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indigodazed
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My mother never dressed my brother or I in blue and pink. She dressed me in other colors: green, yellow, and purple. And my brother wore those hand-me-downs.

My brother is very feminine in appearance, and I am often mistaken for a boy. When he was a baby, he was still mistaken for female most of the time: People would come up and tell my mom "Oh what a beautiful little girl!" and to me "You must big such a proud big brother!"


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NormalDancinGuy
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ya know i really dont understand whats so GIRLY about pink- i love the color and its so bright and just cool- i really dont think that it is considered so "girly". Eddie Bauer, Tommy, and Polo all have pink polo's and theyre cool looking.

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Claire
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pink is my fave colour. i love it. besides it makes my skin a nicer colour but blue looks just as good on me. my sister has a baby girl and she always wears blue, simply because it looks nicer on her cause shes got these fabulous blue eyes and im sure if she had a boy who looked better in pink she would dress him in pink.
but the whole story about in ancient times them dressing their children in opposite colours im pretty sure it had something to do with spirits.....
because they all wanted boy babies they figured that bad spirits wanted to take away their boys to make them unhappy and so they would dress their baby boys in pink to make it appear as if he was a she and so confuse the spirits. i think it was in Japan.
But yeah personally i do find pink on guys a little offputting.... it's just one of those things. if only we were dogs and colourblind... the issue wouldnt even exist

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CutiePie4eva
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OMG ... the wierdest thing happened... my little brother wanted to wear a red fleece and my father wouldnt let him because he felt that it looked like a girl's fleece... it was RED!?!?! i was like wtf...?

he decided that the red was too bright to be a boy's fleece... (hello!?!?! red is SUPPOSED to be bright... or else is called faided...) he said, "bright colors are what girls wear." so i replyed, "i know plenty of guys that wear bright colors: red, orange, yellow..." he just mumbled something and walked away... prob something about me talking back, but whatever.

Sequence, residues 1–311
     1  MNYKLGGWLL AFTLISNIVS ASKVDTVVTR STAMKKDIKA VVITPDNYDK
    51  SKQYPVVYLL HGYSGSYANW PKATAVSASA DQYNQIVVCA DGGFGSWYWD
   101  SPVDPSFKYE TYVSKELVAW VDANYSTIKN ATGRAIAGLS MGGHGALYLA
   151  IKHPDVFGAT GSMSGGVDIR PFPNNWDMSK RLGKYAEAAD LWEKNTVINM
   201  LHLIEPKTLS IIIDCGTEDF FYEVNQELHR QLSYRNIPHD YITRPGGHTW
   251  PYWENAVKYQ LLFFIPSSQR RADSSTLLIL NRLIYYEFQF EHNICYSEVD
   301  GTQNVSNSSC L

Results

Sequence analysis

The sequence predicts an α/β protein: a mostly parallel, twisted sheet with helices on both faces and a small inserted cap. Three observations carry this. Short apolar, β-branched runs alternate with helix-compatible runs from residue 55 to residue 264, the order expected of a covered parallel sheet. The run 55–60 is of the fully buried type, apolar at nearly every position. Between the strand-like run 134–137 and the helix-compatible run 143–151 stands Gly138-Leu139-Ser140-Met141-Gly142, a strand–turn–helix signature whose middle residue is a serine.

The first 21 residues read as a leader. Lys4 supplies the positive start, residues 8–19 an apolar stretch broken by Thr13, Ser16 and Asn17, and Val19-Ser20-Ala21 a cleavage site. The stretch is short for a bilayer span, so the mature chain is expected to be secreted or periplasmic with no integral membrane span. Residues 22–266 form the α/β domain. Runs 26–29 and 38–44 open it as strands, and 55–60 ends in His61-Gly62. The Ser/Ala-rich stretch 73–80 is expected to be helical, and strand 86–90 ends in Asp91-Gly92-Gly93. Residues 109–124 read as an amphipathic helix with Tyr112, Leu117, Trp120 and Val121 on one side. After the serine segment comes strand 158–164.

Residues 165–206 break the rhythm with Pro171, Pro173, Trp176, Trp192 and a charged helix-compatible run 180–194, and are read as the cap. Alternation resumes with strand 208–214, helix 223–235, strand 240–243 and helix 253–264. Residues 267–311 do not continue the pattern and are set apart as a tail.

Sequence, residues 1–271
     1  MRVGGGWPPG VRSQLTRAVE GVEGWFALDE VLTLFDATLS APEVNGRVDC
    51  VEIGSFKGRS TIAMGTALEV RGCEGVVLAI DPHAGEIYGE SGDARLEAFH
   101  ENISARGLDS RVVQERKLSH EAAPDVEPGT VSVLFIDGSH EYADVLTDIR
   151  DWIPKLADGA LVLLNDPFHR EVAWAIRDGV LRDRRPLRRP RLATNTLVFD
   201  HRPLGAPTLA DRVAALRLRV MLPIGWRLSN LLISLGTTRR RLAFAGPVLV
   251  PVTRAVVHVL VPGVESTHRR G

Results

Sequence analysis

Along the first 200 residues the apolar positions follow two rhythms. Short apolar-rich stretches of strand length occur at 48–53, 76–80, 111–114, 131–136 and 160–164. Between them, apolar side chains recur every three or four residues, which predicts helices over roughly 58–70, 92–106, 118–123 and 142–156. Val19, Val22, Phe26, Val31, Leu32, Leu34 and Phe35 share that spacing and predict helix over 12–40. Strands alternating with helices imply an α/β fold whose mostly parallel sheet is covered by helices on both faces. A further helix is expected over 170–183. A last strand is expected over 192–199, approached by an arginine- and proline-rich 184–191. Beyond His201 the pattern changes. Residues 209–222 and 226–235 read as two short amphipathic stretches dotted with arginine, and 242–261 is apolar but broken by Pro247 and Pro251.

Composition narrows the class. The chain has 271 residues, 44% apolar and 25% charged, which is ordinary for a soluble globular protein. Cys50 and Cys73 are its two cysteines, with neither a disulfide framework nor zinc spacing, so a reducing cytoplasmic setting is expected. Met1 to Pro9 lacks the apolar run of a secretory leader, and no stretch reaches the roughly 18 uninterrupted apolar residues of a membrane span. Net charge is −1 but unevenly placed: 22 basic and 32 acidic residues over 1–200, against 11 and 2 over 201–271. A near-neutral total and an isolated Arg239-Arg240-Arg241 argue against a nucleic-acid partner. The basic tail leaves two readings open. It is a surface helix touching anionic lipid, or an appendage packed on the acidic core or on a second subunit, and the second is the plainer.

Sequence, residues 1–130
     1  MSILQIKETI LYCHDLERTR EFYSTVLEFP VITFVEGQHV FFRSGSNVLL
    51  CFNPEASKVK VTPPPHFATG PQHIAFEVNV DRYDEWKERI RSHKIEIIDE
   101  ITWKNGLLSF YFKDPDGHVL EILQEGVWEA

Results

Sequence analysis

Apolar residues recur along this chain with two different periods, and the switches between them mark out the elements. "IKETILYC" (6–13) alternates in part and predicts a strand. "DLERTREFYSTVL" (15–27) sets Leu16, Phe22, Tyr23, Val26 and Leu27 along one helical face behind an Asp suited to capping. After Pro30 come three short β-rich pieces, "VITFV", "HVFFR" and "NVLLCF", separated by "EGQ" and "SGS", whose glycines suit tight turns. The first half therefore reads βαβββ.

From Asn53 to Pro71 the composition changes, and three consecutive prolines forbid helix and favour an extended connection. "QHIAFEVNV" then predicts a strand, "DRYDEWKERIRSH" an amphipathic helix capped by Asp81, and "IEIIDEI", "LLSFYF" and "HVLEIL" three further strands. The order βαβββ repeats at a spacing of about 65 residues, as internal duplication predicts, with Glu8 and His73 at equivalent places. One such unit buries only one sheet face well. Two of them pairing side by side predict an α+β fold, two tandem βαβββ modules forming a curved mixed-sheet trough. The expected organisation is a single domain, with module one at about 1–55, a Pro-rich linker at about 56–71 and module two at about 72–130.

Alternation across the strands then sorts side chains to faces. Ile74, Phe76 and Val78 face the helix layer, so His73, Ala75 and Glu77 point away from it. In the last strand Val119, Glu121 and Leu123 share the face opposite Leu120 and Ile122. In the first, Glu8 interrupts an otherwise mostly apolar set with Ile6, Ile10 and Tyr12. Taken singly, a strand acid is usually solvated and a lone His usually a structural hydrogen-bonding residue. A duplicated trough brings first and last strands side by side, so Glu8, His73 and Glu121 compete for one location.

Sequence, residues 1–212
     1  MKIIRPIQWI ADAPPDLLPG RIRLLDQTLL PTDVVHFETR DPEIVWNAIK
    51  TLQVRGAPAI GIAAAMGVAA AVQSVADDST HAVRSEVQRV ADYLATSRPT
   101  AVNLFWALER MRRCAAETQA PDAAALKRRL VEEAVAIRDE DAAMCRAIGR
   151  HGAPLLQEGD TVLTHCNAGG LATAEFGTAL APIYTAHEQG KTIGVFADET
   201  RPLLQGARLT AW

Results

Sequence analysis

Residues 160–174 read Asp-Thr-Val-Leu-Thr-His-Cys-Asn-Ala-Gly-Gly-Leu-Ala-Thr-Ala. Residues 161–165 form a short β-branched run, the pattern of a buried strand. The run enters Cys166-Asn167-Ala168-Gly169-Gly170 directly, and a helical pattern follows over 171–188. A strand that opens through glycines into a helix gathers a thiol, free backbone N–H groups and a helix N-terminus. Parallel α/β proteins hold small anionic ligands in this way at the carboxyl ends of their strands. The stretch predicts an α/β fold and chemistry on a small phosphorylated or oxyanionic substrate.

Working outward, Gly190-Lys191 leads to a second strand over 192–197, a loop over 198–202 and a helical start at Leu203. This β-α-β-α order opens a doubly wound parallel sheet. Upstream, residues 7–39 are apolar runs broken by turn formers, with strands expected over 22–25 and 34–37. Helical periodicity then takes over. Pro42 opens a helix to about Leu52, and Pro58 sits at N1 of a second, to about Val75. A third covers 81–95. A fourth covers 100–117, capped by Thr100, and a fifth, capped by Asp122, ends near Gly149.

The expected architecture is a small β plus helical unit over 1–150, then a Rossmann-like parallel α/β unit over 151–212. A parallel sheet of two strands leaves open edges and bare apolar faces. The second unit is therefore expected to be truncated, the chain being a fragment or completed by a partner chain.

he annoys me to no end with that! he's completely homophobic... my brother is practically forbidden from anything that is the slightest bit feminine. i have sheets with cartoon characters on them; i dont want to use them because i'm 16... i used them when i was around 8. my father refused to put them on my brother's bed becasue the little mermaid was on one of them.

i thought to myself, "yes... because his bed sheets will determine his sexual preference..." but if i said anything he'll give me a loooong speech about talking back, going against what he says, that people who are gay are this or that, blah blah blah... grrrr it annoys me so much!

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dont worrie b happie... its like a law! =)

hunt for clothes NOT for animals. =)


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Blue Roses
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I think pale pink is all right, but I really don't like bright pink, just because I generally don't like bright hot colours (in the artistic sense - hot colours are red, yellow, and orange; cold ones are blue, green, and purple), they just seem so glaring...I go through regular phases where I'm addicted to bright red, though. I also just plain don't look good in pastels.

A thought on why it's considered feminine - many floral depictions are pink, so it got associated with femininity? Though that may be a chicken-and-the-egg problem - if the world had worked out differently, we might have had blue floral patterns on girls' bedrooms.